Frazz by Jef Mallett


Comments (32) (Please sign in to comment)

  1. Editer63

    Editer63 said, almost 4 years ago

    That’s awfully divisive.

  2. Varnes

    Varnes said, almost 4 years ago

    Meanwhile, in science class, cells are multiplying by dividing……

  3. Pacopuddy

    Pacopuddy said, almost 4 years ago

    Funny – it must be something to do with Hard Sums – I knew a mathematician and he invariably used a 4H pencil because “it didn’t need sharpening very often”. However, you couldn’t read what he’d written – fortunately, it sliced through the paper like a blade leaving indentations on the esk that could then be read by putting a sheet of paper over and rubbing gently with a very soft pencil (a la CSI).

    (This story is only mildly exaggerated)

  4. TheSkulker

    TheSkulker said, almost 4 years ago

    And nobody caught the pun??? …very sneaky! Pastis would be proud.

  5. zoidknight

    zoidknight said, almost 4 years ago

    And then she can explain to his parents why she failed him when he did his work and she did not.

  6. prrdh

    prrdh said, almost 4 years ago

    Scan Caulfield’s paper and goose the contrast.

  7. jessegooddoggy

    jessegooddoggy said, almost 4 years ago

    Awww, Caufield is brilliant! We need MORE Caufields in this dumbed down society.

  8. bigpuma

    bigpuma said, almost 4 years ago

    Wait, 98% of the time, this kid spouts stuff that would go over the heads of most postdocs. He’s at genius level in every discipline. And yet today, we are to accept that he has a hard time with third grade math? All in the service of a clever joke, I’ll admit, but still. Another clumsy set-up.

  9. Captain Kiddeo

    Captain Kiddeo said, almost 4 years ago


    Given your stated taste in humor, you might consider dropping “Frazz” and looking for reprints of classic “Nancy” by its original artist Ernie Bushmiller. He has been quoted as saying that whenever he thought one of his jokes might go over somebody’s head, he would just “dumb it down.” And before anyone jumps to conclusions, I like both “Frazz” and “Nancy”.

  10. bigpuma

    bigpuma said, almost 4 years ago

    @Captain Kiddeo

    Not once have I stated my taste in humor here, only my DIStaste for the rampant intellectual elitism of “Frazz”. Just because I agree with the proverb, “Nobody likes a know-it-all”, that is not the same as saying I want to see everything dumbed down. Seems a very difficult concept for most to grasp, but I’m all for smart. What I’m against is show-offs.

    In any event, what does your comment have to do with today’s strip, or my comment on it? I was remarking that the set-up is dumb. If anything, I wanted today’s strip to be smarter!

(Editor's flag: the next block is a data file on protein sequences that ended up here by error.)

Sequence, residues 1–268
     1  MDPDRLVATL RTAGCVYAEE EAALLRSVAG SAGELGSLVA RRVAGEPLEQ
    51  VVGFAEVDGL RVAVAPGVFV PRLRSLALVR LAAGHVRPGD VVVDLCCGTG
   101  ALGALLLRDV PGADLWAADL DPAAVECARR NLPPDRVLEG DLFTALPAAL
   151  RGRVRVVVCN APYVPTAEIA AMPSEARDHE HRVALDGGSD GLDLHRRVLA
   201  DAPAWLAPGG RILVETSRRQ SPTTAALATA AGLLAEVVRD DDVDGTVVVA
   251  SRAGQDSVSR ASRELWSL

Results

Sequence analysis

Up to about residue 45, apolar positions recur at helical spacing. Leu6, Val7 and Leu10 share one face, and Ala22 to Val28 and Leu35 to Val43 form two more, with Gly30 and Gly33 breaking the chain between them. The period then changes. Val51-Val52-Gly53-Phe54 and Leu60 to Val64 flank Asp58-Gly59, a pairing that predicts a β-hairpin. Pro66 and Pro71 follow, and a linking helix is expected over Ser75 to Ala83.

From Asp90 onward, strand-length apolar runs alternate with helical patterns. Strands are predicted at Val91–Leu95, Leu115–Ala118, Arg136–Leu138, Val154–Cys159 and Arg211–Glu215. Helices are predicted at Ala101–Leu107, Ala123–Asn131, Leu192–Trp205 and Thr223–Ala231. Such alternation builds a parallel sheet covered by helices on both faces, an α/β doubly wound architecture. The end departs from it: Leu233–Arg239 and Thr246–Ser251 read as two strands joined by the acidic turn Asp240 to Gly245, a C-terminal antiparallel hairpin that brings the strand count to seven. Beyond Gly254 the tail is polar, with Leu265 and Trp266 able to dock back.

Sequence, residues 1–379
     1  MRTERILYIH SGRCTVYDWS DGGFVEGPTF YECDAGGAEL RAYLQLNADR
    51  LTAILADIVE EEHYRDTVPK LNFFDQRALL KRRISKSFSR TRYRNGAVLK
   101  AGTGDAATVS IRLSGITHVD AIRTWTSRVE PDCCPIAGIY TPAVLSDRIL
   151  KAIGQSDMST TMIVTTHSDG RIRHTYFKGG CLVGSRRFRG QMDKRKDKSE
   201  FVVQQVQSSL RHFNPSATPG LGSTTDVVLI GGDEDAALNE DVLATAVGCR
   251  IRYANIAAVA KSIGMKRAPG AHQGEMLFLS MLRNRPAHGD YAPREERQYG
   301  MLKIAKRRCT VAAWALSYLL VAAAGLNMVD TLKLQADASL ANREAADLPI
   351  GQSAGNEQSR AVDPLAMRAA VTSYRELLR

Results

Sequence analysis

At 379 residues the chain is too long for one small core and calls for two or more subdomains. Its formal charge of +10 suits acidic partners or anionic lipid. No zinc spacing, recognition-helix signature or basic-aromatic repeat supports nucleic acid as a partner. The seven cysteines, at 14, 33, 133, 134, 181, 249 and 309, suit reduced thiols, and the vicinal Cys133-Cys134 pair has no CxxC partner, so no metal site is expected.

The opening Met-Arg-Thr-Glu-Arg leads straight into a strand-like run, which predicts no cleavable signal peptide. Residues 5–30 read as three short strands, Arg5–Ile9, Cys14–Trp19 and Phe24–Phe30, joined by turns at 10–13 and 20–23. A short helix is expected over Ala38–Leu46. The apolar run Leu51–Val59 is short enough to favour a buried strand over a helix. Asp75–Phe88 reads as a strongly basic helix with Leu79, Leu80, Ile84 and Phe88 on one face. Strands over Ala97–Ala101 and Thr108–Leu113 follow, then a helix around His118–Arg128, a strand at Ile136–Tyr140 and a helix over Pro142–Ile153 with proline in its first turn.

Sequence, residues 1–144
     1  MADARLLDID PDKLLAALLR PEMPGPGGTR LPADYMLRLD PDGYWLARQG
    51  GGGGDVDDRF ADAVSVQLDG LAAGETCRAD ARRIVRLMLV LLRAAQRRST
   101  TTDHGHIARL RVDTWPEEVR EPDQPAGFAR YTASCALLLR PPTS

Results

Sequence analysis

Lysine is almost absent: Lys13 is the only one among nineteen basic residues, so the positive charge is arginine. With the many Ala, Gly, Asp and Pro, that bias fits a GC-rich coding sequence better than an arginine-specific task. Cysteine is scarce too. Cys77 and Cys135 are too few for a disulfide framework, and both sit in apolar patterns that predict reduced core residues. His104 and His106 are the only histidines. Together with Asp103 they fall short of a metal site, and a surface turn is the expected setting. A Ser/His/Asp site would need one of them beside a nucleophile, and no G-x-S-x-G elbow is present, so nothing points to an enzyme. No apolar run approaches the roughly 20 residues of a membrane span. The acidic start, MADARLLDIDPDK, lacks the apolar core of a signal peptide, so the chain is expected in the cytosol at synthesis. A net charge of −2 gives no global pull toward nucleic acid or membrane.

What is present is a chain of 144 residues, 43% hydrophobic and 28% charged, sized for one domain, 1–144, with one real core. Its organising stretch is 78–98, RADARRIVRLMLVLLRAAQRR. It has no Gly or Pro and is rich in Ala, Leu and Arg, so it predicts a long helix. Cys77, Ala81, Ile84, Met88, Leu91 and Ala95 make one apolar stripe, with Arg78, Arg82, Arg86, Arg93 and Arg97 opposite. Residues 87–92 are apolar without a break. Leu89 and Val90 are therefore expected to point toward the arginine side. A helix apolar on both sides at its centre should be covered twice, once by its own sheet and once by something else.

11. bigpuma

    bigpuma said, almost 4 years ago

    @Captain Kiddeo

    By the way, I do appreciate the civil tone. Not everyone’s nice here. (I can be a crank myself.) And I learned something new, so thanks for that, too.

  12. Captain Kiddeo

    Captain Kiddeo said, almost 4 years ago

    Actually, I was responding to: “this kid spouts stuff that would go over the heads of most postdocs”. And I have great difficulty in detecting the “intellectual elitism” you frequently deride here. I just assumed your stated distaste for “Frazz” on an almost daily basis might be an indication of your taste in humor. I apologize. Please list examples of strips that are smart but not examples of intellectual elitism. I am, as you say, finding this a difficult concept to grasp. (And I get and enjoy most of the humor in “Frazz”).

  13. ealeseth

    ealeseth said, almost 4 years ago

    He said hard to read – not impossible. I’ve graded a lot of papers that were hard to read. Most teachers manage to read whatever they receive unless there is a foreign language problem. Spanglish – ok. Cambodian? beyond my skills.

  14. annieb1012

    annieb1012 said, almost 4 years ago

    I get how Caulfield can come across as way advanced in knowledge while having to work hard at his math assignment. As an adult, I once remarked to my mother that I had a great fondness for math because it was the one subject at which I had to work the hardest. She expressed surprise and said that it had looked to all the adults as if everything came easily to me. At age ten, I was reading pretty much everything in my parents’ library, including Margaret Meade, Balzac, Thorstein Veblen (no idea what he meant by anything, but I persevered through some of it), a book on the Great Barrier Reef (loved that one and read it many times), and so on. But I struggled to learn the multiplication table just like all the other kids. I didn’t have a Frazz with whom to discuss literary ideas the way Caulfield does. But math, even at the arithmetic level, involves acquiring and applying new knowledge and skills with the requirement that the results be correct, while batting around ideas is completely fluid and subjective.


    My intention above was not to toot my own horn, but to illustrate that there are real kids who are at least somewhat like Caulfield.

  15. annieb1012

    annieb1012 said, almost 4 years ago

    Balzac’s “Droll Stories” was my introduction to pornography. My dad knew where every book lived on the shelves, and he used to have to come to my room to get that one back in order to fill the space. He never did make it go away, which, as a parent today, I would definitely have done.

  16. Load the rest of the comments (17).